This question already has an answer here:<ul><li> <a href="/questions/14977624/how-to-debug-a-crashing-release-build" dir="ltr" rel="nofollow">How to debug a crashing release build? [duplicate]</a> <span class="question-originals-answer-count"> 2 answers </span> </li> </ul>
I constantly encounter this problem:
1) I test my app thoroughly on many devices. Use Analyze and Instruments. No crashes. All fine.
2) Submit it to the App Store. App creashes all the time.
I realize the "release build" is something a little bit different than the "debug build". But how can I test a release build on my device that is built exactly the way it will appear on the App Store, technically?Answer1:
I recommend you to use TestFlight (<a href="https://testflightapp.com/" rel="nofollow">https://testflightapp.com/</a>), I have been working with it recently and it is a great way to test your Apps before going public.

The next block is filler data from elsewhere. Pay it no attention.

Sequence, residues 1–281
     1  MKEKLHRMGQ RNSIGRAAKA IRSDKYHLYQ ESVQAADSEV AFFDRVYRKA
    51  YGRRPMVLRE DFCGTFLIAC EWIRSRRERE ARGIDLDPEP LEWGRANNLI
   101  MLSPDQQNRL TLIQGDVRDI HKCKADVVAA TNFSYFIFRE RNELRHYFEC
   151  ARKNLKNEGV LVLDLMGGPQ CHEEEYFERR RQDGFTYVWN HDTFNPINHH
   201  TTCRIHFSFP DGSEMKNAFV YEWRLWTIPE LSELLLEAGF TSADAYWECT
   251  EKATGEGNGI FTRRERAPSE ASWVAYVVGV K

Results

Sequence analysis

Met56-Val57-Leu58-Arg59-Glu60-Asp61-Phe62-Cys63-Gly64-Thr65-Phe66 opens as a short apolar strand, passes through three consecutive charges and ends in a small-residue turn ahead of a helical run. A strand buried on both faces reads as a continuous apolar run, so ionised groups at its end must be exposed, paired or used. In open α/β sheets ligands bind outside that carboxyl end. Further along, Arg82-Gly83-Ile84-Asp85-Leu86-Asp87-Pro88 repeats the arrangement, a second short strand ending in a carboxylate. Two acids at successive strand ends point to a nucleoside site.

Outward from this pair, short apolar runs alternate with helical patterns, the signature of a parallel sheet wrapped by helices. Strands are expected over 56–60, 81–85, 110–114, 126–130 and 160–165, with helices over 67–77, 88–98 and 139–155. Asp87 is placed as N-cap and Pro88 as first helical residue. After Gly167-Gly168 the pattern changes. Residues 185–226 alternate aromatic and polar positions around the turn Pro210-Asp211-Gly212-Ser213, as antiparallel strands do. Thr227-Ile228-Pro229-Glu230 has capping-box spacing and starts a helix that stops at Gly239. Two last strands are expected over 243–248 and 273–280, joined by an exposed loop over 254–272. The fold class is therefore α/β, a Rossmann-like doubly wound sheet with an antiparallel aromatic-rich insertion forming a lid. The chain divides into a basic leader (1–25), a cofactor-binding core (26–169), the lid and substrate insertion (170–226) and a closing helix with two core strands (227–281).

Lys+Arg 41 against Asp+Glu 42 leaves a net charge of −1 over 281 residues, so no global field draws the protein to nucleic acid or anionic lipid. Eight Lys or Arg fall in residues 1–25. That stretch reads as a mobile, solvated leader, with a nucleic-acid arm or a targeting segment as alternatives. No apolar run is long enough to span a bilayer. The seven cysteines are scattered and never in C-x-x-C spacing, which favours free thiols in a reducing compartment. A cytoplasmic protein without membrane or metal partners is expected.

You would be using the final IPA file, so won't be any difference with the build you would submit to the AppStore... Also, you could invite other people and they could download and install your App over the air, and even more, you have remote logs about crashes...
Hope it helps you.Answer2:
You can of course also <strong>archive your build</strong> (set the scheme to <em>iOS Device</em>, then choose <em>Product -> Archive</em>) to an IPA, sign it with your <em>Ad-Hoc distribution profile</em>, and <strong>install it on your device</strong> by dragging the IPA file onto your device in the Xcode Organizer.
When your Archive scheme is set to build in RELEASE mode, this is as close as you can get to test your final app without going to the App Store.
Testflight is doing the same thing, as you have to upload the same IPA to their website, so if you do not need to involve more people you can just do it local this way.Answer3:
You can set your testing Scheme (under the Project menu) to build and run a release build. Or you can install an Ad Hoc build using iTunes if you want to test exactly the same install method as the reviewer.